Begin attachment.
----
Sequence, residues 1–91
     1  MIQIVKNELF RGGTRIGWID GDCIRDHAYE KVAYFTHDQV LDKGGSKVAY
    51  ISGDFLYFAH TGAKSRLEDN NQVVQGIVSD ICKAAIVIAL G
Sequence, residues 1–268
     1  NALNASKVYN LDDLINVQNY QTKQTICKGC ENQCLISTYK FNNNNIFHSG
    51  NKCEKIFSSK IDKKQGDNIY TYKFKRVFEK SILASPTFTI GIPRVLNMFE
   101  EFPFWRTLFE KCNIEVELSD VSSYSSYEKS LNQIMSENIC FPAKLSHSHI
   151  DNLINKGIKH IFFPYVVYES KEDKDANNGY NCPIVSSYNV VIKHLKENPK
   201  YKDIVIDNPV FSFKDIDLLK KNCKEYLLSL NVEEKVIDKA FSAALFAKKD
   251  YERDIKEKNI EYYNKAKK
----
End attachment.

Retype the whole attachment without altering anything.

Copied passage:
Sequence, residues 1–91
     1  MIQIVKNELF RGGTRIGWID GDCIRDHAYE KVAYFTHDQV LDKGGSKVAY
    51  ISGDFLYFAH TGAKSRLEDN NQVVQGIVSD ICKAAIVIAL G
Sequence, residues 1–268
     1  NALNASKVYN LDDLINVQNY QTKQTICKGC ENQCLISTYK FNNNNIFHSG
    51  NKCEKIFSSK IDKKQGDNIY TYKFKRVFEK SILASPTFTI GIPRVLNMFE
   101  EFPFWRTLFE KCNIEVELSD VSSYSSYEKS LNQIMSENIC FPAKLSHSHI
   151  DNLINKGIKH IFFPYVVYES KEDKDANNGY NCPIVSSYNV VIKHLKENPK
   201  YKDIVIDNPV FSFKDIDLLK KNCKEYLLSL NVEEKVIDKA FSAALFAKKD
   251  YERDIKEKNI EYYNKAKK